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The sex and hush-money scandal that brought down former Nev. Senator John Ensign is spreading across the Republican party like a permanent stain, stripping bare the party’s hypocrisy on family values.
Caught in the ever-widening scandal is former Senator Rick Santorum of Pennsylvania, a presidential candidate and tea party favorite who touts family values but tried to bury the Ensign scandal by alerting the Nevada Senator that the husband of his mistress was going public.
Santorum is just one of many Republicans named in a blunt and damaging Senate Ethics Committee report that reveals the GOP tried to cover up the Ensign scandal and put family-values on the back burner when it came to protecting its own.
According to the Senate Ethics Committee report, Doug Hampton, Ensign’s former chief of staff and the husband of the Senator’s mistress — Cynthia Hampton — sent a letter to Fox News Anchor Megyn Kelly of Fox News on June 11, 2009 and revealed the affair.
Hampton also emails Santorum and asked for his help. Santorum instead forwarded the email to Ensign and blew the whistle.
The ethics committee reported:
Sen. Ensign immediately called an emergency staff meeting in the late evening … that lasted until approximately 3:00 a.m. on June 16. During that staff meeting, Sen. Ensign disclosed the affair, and also disclosed that he had made a severance payment to the Hamptons.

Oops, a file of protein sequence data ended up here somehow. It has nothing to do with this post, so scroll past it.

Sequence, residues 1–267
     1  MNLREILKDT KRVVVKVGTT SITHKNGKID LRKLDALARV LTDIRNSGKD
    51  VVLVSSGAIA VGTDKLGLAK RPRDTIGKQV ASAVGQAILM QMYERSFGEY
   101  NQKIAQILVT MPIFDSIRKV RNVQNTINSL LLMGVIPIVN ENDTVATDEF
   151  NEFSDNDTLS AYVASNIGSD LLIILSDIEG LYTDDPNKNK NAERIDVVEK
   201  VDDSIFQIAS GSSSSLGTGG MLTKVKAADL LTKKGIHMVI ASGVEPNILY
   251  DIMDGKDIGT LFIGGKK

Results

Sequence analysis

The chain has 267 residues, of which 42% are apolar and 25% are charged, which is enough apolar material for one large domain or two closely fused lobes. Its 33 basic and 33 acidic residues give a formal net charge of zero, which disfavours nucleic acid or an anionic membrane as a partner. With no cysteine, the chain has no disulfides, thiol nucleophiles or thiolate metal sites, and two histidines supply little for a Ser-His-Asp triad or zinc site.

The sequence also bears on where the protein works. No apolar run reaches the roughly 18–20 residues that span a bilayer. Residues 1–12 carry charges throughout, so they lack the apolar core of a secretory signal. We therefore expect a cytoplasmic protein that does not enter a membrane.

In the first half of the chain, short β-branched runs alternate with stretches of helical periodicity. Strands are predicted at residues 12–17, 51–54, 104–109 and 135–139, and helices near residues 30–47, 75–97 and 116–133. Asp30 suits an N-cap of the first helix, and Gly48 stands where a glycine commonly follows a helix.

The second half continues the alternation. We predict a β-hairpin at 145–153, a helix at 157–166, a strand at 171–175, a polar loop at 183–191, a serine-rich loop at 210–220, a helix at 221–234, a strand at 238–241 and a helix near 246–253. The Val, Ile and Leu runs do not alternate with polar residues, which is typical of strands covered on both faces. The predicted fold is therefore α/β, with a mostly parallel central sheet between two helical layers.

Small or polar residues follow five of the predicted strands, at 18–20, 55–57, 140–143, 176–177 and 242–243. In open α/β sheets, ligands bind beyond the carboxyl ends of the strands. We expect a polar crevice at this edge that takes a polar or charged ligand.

Coburn, the report said, tried to “broker” a deal between Ensign and the Hamptons, including an offer of “hush money.”
Coe tried to put an end to the affair, even calling Ensign at the hotel where he and Hampton were screwing around.
“I know exactly where you are. I know exactly what you are doing,” the report quoted Coe as telling Ensign. “Put your pants on and go home.”
Ensign reportedly told Coe: “I can’t. I love her.”
The Senate report and other sources say knowledge of Ensign’s affair was widespread among Senate Republicans and most chose to ignore it while pushing a “family values” agenda on America.
The scathing Senate Ethics Committee report brings back memories of how Republicans in the Senate tried to conceal the many incidents of sexual harassment by Sen. Bob Packwood of Oregon. Packwood sexually harassed at least 29 female staff members and campaign workers before resigning under the threat of expulsion in 1995.
But an investigation revealed other Republican Senators, including Senate leaders, knew of the charges against Packwood for years and looked the other way.